Bacterial cystitis is an infection responsible for about 50 per cent of cystitis cases. It is normally caused by E-coli bacteria (Escherichia coli – not the E-coli 0157 that causes food poisoning). E-coli is normally present in the bowels, but once this bacterium enters the urethra it sticks to the walls of the bladder and multiplies causing pain, inflammation and infection. If you regularly use tampons you are more susceptible to bacterial cystitis than women who use pads. This is because the chemicals from tampons can irritate the lining of the vagina and this irritation can encourage inflammation and infection. The string on the tampon used to pull it out can also provide bacteria easy access to the body.


There is another type of cystitis that is non-infectious and sometimes nicknamed ‘honeymoon cystitis.’ It is typically caused by bruising or irritation during sex, which causes inflammation and this inflammation can make infection more likely. Other triggers for non-bacterial cystitis include: wearing a sanitary pad for too long; tight underwear, tights or trousers and chemical irritants, including soaps and bubble baths. Some women are sensitive to chlorine from swimming pools.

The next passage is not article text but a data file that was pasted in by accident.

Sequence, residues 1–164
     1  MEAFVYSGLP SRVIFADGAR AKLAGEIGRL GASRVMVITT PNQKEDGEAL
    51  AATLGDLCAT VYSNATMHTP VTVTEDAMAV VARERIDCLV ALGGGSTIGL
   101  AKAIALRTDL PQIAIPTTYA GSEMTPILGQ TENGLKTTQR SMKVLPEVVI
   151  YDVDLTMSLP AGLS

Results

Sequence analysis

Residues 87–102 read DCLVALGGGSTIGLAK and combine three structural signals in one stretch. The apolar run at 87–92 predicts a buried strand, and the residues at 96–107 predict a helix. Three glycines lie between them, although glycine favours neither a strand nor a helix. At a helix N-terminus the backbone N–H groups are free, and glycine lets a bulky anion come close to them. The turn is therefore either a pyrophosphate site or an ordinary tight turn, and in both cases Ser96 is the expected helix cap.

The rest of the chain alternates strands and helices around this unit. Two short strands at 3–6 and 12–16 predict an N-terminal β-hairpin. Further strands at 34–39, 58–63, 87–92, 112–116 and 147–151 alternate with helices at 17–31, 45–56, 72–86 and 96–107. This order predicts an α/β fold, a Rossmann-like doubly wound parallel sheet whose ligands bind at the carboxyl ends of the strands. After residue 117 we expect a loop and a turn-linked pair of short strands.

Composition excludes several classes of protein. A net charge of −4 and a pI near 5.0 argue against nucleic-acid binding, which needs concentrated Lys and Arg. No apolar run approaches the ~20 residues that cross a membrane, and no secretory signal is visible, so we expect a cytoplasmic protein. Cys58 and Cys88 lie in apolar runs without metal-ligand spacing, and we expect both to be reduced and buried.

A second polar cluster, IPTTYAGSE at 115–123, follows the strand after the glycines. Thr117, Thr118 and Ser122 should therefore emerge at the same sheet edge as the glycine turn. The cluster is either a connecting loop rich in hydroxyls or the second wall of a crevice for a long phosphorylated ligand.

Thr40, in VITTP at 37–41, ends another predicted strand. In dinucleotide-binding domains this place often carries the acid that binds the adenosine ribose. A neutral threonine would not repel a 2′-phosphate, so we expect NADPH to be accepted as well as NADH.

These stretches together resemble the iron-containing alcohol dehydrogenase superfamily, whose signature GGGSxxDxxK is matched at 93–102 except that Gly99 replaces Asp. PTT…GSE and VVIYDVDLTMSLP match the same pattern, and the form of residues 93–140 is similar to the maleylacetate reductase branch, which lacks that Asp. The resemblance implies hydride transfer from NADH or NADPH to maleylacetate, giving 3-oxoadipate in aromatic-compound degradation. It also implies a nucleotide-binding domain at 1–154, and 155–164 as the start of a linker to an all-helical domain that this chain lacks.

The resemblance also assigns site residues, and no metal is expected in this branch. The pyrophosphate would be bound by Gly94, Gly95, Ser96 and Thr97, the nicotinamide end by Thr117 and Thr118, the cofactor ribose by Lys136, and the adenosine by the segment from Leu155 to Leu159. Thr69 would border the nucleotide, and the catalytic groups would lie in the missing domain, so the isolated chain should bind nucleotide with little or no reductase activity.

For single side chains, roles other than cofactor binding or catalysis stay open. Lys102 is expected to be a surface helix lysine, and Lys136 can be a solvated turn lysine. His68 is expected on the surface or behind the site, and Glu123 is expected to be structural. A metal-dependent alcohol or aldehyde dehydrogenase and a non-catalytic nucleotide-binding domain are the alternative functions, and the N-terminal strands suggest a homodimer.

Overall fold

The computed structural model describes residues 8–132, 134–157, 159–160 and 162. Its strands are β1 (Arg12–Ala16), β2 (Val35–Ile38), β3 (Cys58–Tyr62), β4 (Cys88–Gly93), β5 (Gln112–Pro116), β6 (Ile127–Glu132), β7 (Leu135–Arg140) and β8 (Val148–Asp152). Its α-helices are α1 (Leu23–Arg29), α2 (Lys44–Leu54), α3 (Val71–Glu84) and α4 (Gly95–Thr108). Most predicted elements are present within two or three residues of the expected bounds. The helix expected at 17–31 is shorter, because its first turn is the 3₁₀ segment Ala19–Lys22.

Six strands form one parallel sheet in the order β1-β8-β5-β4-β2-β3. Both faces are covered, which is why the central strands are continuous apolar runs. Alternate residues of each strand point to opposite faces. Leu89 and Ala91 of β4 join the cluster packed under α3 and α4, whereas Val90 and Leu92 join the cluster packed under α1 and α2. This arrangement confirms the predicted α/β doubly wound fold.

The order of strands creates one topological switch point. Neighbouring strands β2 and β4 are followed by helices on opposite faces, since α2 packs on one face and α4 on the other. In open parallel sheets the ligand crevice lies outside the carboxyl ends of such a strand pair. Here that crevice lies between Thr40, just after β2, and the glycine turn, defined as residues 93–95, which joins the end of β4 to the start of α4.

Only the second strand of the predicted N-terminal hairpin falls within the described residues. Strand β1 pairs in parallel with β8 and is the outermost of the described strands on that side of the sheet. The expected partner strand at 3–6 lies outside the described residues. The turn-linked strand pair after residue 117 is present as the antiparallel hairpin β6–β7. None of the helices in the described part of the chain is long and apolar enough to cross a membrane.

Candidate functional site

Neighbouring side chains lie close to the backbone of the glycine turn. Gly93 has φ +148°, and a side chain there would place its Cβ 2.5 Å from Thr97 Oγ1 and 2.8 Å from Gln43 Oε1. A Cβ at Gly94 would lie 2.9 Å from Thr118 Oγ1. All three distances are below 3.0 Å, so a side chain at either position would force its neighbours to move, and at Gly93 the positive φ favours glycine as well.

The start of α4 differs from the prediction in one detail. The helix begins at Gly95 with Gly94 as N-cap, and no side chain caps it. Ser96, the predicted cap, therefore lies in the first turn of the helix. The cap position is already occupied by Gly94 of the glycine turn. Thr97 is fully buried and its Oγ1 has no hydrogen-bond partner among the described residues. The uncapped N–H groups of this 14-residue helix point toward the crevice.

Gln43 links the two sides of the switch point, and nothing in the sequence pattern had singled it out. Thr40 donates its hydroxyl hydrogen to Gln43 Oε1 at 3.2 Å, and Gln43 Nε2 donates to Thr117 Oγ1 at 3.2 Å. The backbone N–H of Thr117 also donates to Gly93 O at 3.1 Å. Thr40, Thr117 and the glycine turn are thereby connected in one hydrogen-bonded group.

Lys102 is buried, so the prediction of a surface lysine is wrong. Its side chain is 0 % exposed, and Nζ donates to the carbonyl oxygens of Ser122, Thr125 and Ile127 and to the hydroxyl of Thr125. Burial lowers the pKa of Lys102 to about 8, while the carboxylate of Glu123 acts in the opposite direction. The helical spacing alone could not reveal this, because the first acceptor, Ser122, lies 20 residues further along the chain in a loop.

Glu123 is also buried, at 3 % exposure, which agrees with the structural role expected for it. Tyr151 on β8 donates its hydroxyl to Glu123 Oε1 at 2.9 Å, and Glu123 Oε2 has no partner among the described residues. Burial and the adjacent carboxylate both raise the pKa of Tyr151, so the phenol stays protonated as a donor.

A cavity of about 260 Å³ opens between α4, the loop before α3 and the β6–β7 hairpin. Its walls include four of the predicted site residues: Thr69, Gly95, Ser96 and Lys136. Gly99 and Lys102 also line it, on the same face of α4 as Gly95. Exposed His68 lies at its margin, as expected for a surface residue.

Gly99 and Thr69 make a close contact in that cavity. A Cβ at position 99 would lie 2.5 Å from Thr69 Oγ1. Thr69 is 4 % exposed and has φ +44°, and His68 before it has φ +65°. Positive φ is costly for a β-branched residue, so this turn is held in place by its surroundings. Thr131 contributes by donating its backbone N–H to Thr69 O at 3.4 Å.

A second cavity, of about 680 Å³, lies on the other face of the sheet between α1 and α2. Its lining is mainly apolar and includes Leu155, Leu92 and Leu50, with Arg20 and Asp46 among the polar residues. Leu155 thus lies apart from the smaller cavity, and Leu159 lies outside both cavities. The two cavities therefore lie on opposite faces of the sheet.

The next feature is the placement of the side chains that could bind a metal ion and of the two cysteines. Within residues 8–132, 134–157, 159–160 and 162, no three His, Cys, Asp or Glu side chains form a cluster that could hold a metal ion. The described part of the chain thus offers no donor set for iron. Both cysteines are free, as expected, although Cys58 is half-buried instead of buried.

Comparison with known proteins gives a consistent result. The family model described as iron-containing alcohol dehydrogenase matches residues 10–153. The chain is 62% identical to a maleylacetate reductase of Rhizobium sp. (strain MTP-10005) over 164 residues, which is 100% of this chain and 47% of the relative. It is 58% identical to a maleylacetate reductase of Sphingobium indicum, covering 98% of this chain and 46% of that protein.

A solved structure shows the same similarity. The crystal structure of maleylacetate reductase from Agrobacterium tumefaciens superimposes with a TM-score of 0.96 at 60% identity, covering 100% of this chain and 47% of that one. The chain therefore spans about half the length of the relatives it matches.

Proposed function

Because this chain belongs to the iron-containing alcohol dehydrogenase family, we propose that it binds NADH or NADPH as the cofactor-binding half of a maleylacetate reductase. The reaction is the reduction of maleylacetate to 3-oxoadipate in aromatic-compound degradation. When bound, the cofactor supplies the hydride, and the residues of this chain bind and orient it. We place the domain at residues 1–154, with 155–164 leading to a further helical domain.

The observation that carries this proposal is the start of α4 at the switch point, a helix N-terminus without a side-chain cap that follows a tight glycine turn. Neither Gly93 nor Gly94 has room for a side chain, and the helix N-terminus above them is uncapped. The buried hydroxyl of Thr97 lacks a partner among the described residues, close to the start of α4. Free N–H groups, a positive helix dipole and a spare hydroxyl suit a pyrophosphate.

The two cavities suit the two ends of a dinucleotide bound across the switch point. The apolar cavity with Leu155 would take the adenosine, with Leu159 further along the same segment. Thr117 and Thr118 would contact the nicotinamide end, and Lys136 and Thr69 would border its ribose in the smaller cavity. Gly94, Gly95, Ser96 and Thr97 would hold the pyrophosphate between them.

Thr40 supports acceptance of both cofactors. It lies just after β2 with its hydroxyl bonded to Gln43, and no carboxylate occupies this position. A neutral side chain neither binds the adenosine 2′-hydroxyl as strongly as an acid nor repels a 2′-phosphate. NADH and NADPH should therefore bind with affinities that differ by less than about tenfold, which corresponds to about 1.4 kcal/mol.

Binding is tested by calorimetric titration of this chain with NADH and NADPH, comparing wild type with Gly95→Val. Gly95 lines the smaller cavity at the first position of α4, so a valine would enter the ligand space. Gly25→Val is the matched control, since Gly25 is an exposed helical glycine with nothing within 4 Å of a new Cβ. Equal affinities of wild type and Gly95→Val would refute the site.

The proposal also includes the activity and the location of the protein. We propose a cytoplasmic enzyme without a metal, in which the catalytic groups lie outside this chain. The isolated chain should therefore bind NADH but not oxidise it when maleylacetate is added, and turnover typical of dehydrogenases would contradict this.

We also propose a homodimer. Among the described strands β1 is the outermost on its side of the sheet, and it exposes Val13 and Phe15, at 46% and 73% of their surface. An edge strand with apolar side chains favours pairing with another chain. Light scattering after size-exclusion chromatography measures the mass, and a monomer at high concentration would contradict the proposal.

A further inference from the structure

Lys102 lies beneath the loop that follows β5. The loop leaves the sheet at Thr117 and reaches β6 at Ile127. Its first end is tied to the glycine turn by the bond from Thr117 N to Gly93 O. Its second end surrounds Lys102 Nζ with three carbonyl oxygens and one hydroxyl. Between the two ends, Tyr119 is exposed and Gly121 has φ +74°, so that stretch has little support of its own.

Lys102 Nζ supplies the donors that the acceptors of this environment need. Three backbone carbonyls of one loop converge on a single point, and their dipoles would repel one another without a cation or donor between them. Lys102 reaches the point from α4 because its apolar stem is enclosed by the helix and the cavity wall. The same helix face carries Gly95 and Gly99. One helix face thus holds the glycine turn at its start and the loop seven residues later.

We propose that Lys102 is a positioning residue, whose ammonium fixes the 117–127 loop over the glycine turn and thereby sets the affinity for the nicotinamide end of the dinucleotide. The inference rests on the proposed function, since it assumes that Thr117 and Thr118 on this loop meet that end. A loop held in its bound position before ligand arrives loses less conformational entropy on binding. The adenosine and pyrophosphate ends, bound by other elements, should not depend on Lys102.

The hormonal changes that take place at the menopause can also spur on the development of cystitis. When oestrogen levels drop the balance of bacteria in the vagina changes and the number of good bacteria declines, which may explain why the incidence of cystitis can increase by 2 per cent each decade after the menopause. In addition, vibrations from riding a horse, bike or motorcycle can also cause bruising, which can lead to symptoms of cystitis. Some women experience cystitis in pregnancy because the urethra is relaxed by high levels of progesterone.